By: Sharon Aron Baron
The city is holding a special election in March to raise $77 million through general bonds. Whether or not voters pass the bonds, the special election will still come in at a hefty cost for taxpayers.
Although there is a general election on November 6, the commission voted to move forward and hold a special election on March 13 for voters to either approve or deny three general obligation bonds. According to the Broward Supervisor of Elections Office, the special election will cost Coral Springs taxpayers up to $190,000. By putting the bond vote on the November ballot, along with the other state and local elections, it would cost the city significantly less money.
Resident Andrew Ladanowski, data analyst and information technology consultant at AddinSolutions supports the improvements and said the March date was probably selected because voter turnout is far lower at special elections than at general elections.
“Coral Springs will focus on encouraging voter turnout among their employees, employee’s spouses, members of city committees, associated contractors, businesses, parents of kids playing sports and focus on seniors who are currently using the senior center. They will make up a larger percentage of the overall voters at a special election than at a general election,” he said.
Mayor Skip Campbell said he was outvoted when the decision for the special election came up. He believes the many improvements to the city were the fiscally responsible thing to do, and if it weren’t for Hurricane Irma, he wouldn’t have increased the taxes, however, Irma depleted the city’s reserves.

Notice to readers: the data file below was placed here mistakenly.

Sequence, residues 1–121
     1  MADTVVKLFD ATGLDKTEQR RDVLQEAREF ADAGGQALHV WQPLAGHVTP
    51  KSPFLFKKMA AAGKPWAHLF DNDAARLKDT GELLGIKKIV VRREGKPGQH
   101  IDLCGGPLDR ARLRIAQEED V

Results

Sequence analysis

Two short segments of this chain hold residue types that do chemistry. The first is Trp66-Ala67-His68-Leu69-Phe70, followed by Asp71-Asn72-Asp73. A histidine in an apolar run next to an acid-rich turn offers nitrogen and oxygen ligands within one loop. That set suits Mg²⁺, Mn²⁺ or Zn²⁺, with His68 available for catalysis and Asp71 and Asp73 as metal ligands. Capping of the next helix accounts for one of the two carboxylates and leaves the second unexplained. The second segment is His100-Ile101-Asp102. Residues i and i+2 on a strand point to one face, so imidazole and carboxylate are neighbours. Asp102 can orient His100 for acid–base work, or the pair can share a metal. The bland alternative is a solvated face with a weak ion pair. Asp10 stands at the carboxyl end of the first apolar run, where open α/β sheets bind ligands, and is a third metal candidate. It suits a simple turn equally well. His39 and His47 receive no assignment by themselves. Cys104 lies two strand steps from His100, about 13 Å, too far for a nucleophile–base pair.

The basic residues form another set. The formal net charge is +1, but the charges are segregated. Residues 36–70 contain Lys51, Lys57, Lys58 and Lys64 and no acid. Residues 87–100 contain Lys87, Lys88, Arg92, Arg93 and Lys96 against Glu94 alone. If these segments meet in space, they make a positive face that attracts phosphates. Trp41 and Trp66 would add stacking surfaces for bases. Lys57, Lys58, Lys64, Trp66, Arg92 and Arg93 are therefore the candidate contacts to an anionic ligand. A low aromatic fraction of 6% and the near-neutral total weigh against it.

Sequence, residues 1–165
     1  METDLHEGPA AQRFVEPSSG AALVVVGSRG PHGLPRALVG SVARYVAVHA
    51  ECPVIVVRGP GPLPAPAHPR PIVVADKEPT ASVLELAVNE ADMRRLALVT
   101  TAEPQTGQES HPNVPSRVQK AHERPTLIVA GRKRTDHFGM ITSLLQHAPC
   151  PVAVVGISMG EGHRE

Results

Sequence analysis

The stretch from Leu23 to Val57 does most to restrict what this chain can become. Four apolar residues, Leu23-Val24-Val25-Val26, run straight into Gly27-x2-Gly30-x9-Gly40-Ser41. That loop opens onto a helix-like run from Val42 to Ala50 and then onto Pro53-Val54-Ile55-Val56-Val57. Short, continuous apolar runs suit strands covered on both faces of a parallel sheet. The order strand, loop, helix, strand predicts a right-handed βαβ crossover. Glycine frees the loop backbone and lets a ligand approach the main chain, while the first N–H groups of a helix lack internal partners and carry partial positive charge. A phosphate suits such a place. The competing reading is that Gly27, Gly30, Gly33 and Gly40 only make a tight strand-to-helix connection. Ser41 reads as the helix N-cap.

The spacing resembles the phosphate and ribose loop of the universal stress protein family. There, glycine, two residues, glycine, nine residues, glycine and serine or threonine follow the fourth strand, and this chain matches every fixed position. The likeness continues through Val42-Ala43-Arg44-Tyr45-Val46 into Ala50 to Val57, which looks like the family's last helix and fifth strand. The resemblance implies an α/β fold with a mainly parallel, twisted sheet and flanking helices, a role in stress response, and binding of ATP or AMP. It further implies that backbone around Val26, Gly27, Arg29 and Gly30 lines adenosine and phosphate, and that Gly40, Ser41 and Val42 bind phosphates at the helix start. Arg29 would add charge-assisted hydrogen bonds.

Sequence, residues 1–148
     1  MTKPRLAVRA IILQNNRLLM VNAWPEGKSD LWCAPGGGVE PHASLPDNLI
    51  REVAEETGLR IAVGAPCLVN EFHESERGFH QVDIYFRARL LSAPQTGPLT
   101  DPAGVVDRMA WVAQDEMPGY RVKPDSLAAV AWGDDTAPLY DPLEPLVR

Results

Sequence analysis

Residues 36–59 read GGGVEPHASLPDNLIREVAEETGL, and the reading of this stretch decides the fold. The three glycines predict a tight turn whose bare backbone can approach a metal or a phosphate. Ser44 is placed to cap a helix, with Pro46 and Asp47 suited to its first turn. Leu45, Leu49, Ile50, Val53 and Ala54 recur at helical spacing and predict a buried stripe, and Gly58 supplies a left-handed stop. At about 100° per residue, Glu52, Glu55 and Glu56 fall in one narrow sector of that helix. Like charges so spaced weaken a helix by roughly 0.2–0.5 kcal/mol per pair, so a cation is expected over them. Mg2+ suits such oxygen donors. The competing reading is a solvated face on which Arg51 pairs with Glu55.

If the bonds pass, Campbell said that he will look into reducing the millage rate next time around.
City Manager Michael Goodrum said that they discussed the options at length, and the commission decided that the improvements were long overdue and they needed to move forward as soon as possible.
Divided on the ballot as three separate questions: Bond for Public Safety, Bond for Parks and Recreation, and Bond for Streets and Drainage. Voters can then choose to vote for or against each one.
The November ballot is already cumbersome, said Commissioner Joy Carter, and the general bond items are important and shouldn’t get lost in the rhetoric of a heavy ballot.
“Some of the needs are urgent,” said Carter. “A big one being we are worried that the facility building is not able to survive another hurricane, and that’s how we keep all of our city trucks, fire trucks, police and everything running. It’s past its useful life.”
A big supporter of the public safety bond, Vice Mayor Lou Cimaglia said that senior staff highly recommended the special election. “The worst thing that could happen is that they could bring it back [bond vote] in November.”
Commissioner Dan Daley said that he supported March because he didn’t want to lose another year without making many of the improvements.
All three were asked if they knew how much a special election would cost.
“No I don’t know how much a special election costs. No I don’t know,” said Cimaglia.
Both Carter, and Daley didn’t know the exact number. Campbell believed it was around $150,000.